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What’s for dinner tonight? Choosing whether to dine on fish, vegetables or pasta is no longer simply a question of taste. Nowadays, it has to be a careful choice, made also on the grounds of personal responsibility. Put simply, it is becoming an informed decision which goes beyond our personal preferences and whims.
From seasonal, low food-miles greens, grown on the farm of a local producer, to the meat of animals which have not been fed hormone supplements or other drugs, to choosing species of fish which are not running the risk of becoming extinct - for those of us responsible for feeding a household, life is now full of tricky choices. And this is before we even start think about whether the food is going to be good for us: calorie and protein content must also be taken into consideration, along with best-before dates and any additives, such as colorings and preservatives, that go into the packaged food we buy.
This is why a new generation of food producers, entrepreneurs, techies and consumers the world over is working, through projects both small and large, to create a sustainable food supply chain where everything is open and transparent. And thanks to their efforts, an even more underground, obscure and deconstructed movement is gathering followers – at least for now.
The Open Food movement. This is an ideology which can enable, for example, a small southern Spanish turkey farmer to talk to an IT engineer from Silicon Valley, so that together they can find the best solution for improving the food supply chain for his poultry – and thereby also improving the food that ends up on the tables of the residents of his local area.
Even Boston’s MIT, via its Food and Agriculture Collaborative working group, has got involved: it has created a map which allows consumers to follow the supply chain that the food on their tables has passed through.
In this way, beyond simply consuming our food, we are all invited to stay informed with regards to the route to our tables that that tin of Mexican beans we just opened has taken, or where the metal used in the packaging of that roast chicken bought from the rotisserie was mined, or how damaging our first-born’s graduation party dinner (the one which involved relatives coming from overseas, and where we served those imported Catalan lobsters) was to the environment.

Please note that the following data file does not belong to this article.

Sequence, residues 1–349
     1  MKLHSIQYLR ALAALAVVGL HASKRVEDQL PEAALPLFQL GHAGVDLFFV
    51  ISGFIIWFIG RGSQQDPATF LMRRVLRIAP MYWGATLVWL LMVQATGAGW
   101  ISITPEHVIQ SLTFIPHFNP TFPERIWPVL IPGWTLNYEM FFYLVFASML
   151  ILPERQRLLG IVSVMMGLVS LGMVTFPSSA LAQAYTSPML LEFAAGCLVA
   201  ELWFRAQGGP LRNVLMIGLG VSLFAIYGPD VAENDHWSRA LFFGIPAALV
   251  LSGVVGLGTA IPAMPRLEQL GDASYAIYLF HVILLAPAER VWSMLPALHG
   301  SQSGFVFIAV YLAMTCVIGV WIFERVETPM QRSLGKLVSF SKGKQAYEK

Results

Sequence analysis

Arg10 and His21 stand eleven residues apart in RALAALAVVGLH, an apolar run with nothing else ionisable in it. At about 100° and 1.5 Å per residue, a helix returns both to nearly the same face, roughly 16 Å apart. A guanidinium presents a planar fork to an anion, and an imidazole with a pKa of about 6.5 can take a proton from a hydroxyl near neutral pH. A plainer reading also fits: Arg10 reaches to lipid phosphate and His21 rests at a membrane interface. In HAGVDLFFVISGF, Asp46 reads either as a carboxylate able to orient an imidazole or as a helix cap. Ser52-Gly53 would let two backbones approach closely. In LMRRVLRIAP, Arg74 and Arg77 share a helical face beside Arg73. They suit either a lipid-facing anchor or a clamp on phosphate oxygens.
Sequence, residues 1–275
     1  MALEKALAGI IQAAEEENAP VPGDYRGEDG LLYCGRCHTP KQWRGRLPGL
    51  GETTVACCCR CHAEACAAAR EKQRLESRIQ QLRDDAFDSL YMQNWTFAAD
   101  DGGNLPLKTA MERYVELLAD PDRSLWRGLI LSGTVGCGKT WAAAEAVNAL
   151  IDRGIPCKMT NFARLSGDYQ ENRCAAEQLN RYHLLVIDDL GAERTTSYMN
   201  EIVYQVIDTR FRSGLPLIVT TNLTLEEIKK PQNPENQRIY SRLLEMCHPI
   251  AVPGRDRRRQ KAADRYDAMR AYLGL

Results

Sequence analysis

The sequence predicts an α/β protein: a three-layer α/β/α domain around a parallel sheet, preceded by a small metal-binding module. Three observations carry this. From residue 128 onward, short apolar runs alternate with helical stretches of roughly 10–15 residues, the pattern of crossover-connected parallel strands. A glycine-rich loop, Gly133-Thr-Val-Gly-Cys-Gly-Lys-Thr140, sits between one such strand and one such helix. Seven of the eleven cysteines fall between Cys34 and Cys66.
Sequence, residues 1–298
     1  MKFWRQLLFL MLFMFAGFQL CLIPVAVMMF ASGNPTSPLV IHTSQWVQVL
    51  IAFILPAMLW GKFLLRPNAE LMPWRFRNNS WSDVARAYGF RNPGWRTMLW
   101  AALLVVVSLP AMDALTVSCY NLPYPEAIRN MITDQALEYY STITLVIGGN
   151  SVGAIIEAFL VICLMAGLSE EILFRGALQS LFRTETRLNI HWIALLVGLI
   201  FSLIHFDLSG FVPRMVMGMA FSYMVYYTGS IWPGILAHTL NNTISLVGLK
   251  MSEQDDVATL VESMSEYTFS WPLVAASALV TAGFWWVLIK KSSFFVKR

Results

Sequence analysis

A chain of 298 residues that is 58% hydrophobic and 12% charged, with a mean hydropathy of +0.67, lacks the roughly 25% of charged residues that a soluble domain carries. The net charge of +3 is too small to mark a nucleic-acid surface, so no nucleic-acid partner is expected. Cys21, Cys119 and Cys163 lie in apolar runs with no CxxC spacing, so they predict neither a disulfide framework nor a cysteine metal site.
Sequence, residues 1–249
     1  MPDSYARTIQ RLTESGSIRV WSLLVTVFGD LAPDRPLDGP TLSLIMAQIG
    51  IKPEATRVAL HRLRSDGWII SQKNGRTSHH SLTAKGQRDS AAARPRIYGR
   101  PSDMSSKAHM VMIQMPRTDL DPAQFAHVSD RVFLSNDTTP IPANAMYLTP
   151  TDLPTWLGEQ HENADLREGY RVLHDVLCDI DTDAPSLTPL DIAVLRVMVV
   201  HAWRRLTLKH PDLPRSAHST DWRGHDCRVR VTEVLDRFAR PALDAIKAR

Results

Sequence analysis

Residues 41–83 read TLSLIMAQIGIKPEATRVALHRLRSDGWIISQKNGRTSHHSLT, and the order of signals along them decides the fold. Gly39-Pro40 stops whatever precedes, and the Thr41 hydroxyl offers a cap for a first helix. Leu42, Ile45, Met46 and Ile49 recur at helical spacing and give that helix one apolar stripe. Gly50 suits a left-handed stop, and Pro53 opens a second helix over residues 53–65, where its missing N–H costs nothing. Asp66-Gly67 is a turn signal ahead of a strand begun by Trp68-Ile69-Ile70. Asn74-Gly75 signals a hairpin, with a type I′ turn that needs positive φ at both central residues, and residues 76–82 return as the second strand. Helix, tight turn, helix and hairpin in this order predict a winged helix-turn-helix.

Elsewhere, the big supermarkets have in recent years begun to track their enormous supply chains, both for food and other goods, using ‘intelligent’RFID labeling systems, which can store an almost infinite amount of structured information.
Wal-Mart has promised that within a year, 50% of its goods will come supplied with labels which feature a radio link, which can help us to gain greater insight into where these products came from: provenance, ingredients, nutritional value and use-by date can all be viewed, along with hints for recipes we can use the product in when we get home.
This was at least how things were going, until someone came up with a genius idea in 2011, again involving RFID labeling, which will probably find its way onto the market in the coming years: a student at London’s Royal College of Art has been studying automatic communications systems that can send information on the contents of a specific meal to our PCs or smartphones at the exact time that is it put on the table in front of us. It does this through the use of a small wooden tray on which the meal, labeled using RFID technology, is placed.
Information on the dish we’re about to enjoy is then read and sent directly from the tray (which includes a computer chip and is connected to a wireless network). So what did go into this Greek salad we’re about to eat? Maybe the lettuce in it is past its use-by date? How many extra calories will we have taken on once we’ve eaten it? Where were those juicy Kalamataolives, poking up between the tasty cheese and cucumber pieces, grown?
All this information and much more, according to the creator of theNutrismart, can be transferred from the mysterious salad bowl to the iPhone sitting next to it in just a few seconds. Faster, even, than you can say «bon appetit».
This English student’s idea can also be used in many other different applications, and the Open Food movement knows this perfectly well. For example, it could help those of us who suffer from allergies, or glucose intolerance, and have a hard time finding out what the ingredients in packaged foods are. Also those of us on a diet who need to know if they’ve chosen an highly calorific product, and for when we’re not sure if our food is out-of-date or not and need find out before we take a bite.
Eating well, and eating to help improve the food supply chain, are the new mantras of a generation formed of a wide cross-section of food lovers who also want to be friends of the environment, and for whom the internet can now be a great source of information.
Eating Well can provide simple recipes with a low calorie content for people who are on a diet and don’t want to give up on eating tasty food, whileFoodspotting can give you recommendations on the best foods available around the world, with the emphasis on local produce and providing information on where to find it.
What RFID technology and the Open Food movement have not so far been able to do, however, is to make sure that our favorite foods are always also a healthy choice.